The amazing thing about La La Land is it revived the magic of film that we haven’t really felt since the days of old Hollywood. Since then we as a society have gotten used to the tricks, CGI, and typical movie structure that we see today, and lost the magic and wonder film used to bring. By combining stunning cinematography, beautiful music, and of course allusions to old Hollywood classics Chazelle has brought that magic back with La La Land.



Let’s do the Time Warp Again: ‘The Rocky Horror Picture Show’

By Julia Wilson, Edited by Anthony Peyton

The original cult classic, The Rocky Horror Picture Show, is a sight to behold with kickass music, costumes, set design, and more. This film really rocked (pun intended) the film industry by becoming one of the first films to develop a cult following. For today’s literal Time Warp Tuesday it’s time to look at how this film became the cult classic it is today.

Just in case you haven’t seen Rocky Horror (which if that is the case, what have you been doing with your life up until now?) I will recap it for you. A young, newly engaged couple, Janet (Susan Sarandon) and Brad (Barry Bostwick), approach a castle on a dark stormy night in search of a telephone after one of the tires on their car blows out. They are welcomed inside by handyman Riff Raff (Richard O’Brien) where they meet mad scientist Dr. Frank N. Furter (Tim Curry, who later played Pennywise in the original It). From this point forward all kinds of strange happenings occur.

This film started out as a stage play under the title The Rocky Horror Show. The “picture” portion of the title was added for the film adaption. It was written by Richard O’Brien in London in the 1970s where he was inspired by science fiction and B horror movies. After its large success on stage, it was turned into a film.

When the film first opened it did not draw large audiences. In fact, many early showings got cancelled. But once it was relaunched as a midnight film starting at the Waverly Theater in New York City that all began to change.

Not only did the film become a big hit, but a very large, committed fan base began to form. People started coming to the theater dressed as the characters, performing callbacks to what’s happening on the screen, and throwing objects such as toast and toilet paper. Another staple of Rocky Horror showings are shadow casts who act out the film.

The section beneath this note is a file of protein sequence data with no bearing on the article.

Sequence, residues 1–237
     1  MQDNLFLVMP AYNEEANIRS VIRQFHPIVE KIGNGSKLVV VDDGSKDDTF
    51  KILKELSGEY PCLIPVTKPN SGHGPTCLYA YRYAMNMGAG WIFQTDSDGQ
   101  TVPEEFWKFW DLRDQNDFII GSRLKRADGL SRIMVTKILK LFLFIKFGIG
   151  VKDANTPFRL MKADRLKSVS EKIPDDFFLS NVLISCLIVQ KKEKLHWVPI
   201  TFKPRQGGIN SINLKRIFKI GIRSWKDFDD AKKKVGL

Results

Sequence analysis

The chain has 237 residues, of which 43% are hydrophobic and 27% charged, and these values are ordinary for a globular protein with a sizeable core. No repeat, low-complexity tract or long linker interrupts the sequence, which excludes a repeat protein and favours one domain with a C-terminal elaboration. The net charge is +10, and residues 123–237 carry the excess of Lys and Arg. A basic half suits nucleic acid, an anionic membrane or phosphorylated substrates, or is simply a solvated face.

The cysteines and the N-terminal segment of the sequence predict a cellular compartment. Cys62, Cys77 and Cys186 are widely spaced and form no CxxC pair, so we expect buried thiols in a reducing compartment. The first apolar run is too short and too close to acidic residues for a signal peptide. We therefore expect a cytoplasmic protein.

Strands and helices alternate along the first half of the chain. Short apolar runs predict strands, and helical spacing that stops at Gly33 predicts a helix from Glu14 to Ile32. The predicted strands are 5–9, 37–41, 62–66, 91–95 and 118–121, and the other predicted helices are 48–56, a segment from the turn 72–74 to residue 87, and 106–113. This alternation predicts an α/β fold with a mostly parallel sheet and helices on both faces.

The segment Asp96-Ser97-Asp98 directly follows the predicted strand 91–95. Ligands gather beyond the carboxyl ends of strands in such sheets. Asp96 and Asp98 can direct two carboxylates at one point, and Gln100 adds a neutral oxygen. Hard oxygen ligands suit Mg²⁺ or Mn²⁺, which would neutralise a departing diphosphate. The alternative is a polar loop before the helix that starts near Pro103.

Now, midnight showings of Rocky Horror are a regular occurrence in countless theaters across the country. There are even Rocky Horror conventions as the fan base has grown only larger and more committed as the years have gone by. Fans seem to really connect with this film in a way that you don’t see with many other films.

The massive cult following that this film has gained made way for other cult films such as The Room and Hedwig and the Angry Inch.

The Rocky Horror Picture Show really did change the film industry by creating this new participatory way to enjoy your favorite film. In a sense, it created its own genre of cult films with its signature showings and dedicated fan base that have become synonymous with the words The Rocky Horror Picture Show.

A Galaxy Changed: Looking Back on ‘Star Wars: A New Hope’

By Anthony Peyton, Edited by Olivia Norwood

A long time ago in a galaxy far, far away we fell in love with George Lucas’ Star Wars (which would later be titled Star Wars: A New Hope) and we haven’t fallen out of love with it since. But, as with all great movies, there had to be a reason to the fan craze that developed immediately after.

Millions around the world wish they could step into the mind of Lucas as he first conceptualized the unforgettable C-3PO, R2D2, and Luke Skywalker, who was actually named Luke Starkiller during the beginning stages of filming. It wasn’t until Mark Hamill, who has reprised his role as Skywalker in every sequel, had already filmed several scenes with the name Starkiller that they decided to change it.